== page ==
Grammar Info

N2 Lesson 10: 19/21


It is not that, It doesn't mean that, It is not always the case

In casual language というわけじゃない can be used.


Verb + という + わけでは(1)ない
[い]Adjective + という + わけでは(1)ない
[な]Adjective +()+ という + わけでは(1)ない
Noun +()+ という + わけでは(1)ない

(1) じゃ


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About というわけではない

()うわけではない is often considered an emphasized version of わけではない in stating that something 'doesn't mean that (A)', '(A) is not always the case', or 'it's not that (A)'. Being that という often presents (A) as a matter for discussion, or an important quotation structure, it will regularly be used to refer back to something that another person has said, in order to clarify that it may not be 100% accurate.

というわけではない may be used after any structure that could usually be paired with という, and a more literal translation may be thought of as 'it is not so that (A) can be said'. Although not required, だ will often be seen before nouns and な-Adjectives, and というわけではない.

()うわけではない will regularly be used when the speaker is denying that something said earlier is the reason for something. This could either be a misunderstanding that they themselves want to avoid, or something that the listener asked them to clarify.

Fun Fact

When used in the positive form, という(わけ) is often attached to the end of statements that are considered to be either obvious, or clear due to context or common sense. This form will just be translated as 'so that means (A)', or 'so the reason is (A)'.

  • ということは、彼女(かのじょ)(かれ)(たす)けるために、(かれ)()(たお)したという(わけ)
    So that means that she pushed him in order to save him.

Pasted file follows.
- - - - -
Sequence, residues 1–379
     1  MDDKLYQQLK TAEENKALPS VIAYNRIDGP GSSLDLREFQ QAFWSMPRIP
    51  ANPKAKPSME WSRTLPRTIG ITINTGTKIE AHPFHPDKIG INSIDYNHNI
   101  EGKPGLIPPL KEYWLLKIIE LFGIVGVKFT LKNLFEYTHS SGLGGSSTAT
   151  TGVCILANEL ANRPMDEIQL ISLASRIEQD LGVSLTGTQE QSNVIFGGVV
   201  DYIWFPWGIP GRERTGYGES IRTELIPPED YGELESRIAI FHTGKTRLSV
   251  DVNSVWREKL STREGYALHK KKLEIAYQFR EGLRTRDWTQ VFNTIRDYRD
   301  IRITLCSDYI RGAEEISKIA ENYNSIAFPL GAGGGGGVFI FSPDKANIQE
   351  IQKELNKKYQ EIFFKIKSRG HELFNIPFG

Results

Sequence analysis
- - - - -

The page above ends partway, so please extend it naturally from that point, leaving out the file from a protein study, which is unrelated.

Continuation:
• (かれ)がこの(くに)入国(にゅうこく)できないのは、以前(いぜん)この(くに)犯罪(はんざい)(おか)したからというわけだ
    So the reason why he cannot enter this country is because he has committed crimes in this country in the past.




    Mother: 'Why aren't you eating? Do you hate my cooking?'
    Son: 'It is not the case that I hate it, I am simply not hungry at the moment.' (not the reason)


    It is not the case that all mushrooms are poisonous. (not the reason)


    This computer, despite not being the fastest, many people bought it. What the heck? (not the case/reason)


    That is close to a ritual, but it doesn't mean that it is a ritual. (not the reason)


    It is not that it is officially the norm, but please take note. (not the reason)

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というわけではない – Grammar Discussion

Most Recent Replies (9 in total)

  • FredKore


    Can someone help explain the differences with these? In my head, they’re all “it doesn’t mean that ~” but I often get marked wrong without a nudge.


  • Melanthe


    Seconding (and bumping) this question

  • mrnoone


    @Melanthe @FredKore
    Those two are very similar expressions.

    There is a strong tendency to use ことにはならない with ても and からといって(からって). As in:
    It is fairly uncommon to use it without those two constructions in the preceding clause (part of sentence). It is also more often used in refuting general statements. So it is a more limited expression, but basically interchangeable with (という)わけではない.

    わけではない can be used with からと言って and 「ても」 but it is not a requirement and it is quite common without those. わけではない is generally used when refuting/disagreeing with a statement of the interlocutor (a person we are talking with). It can be also used when refuting general statements and as a very indirect way of refusing. So it has more use-cases. But I would say it is also generally interchangeable with ことにはならない.

    When it comes to という, it is generally used ...

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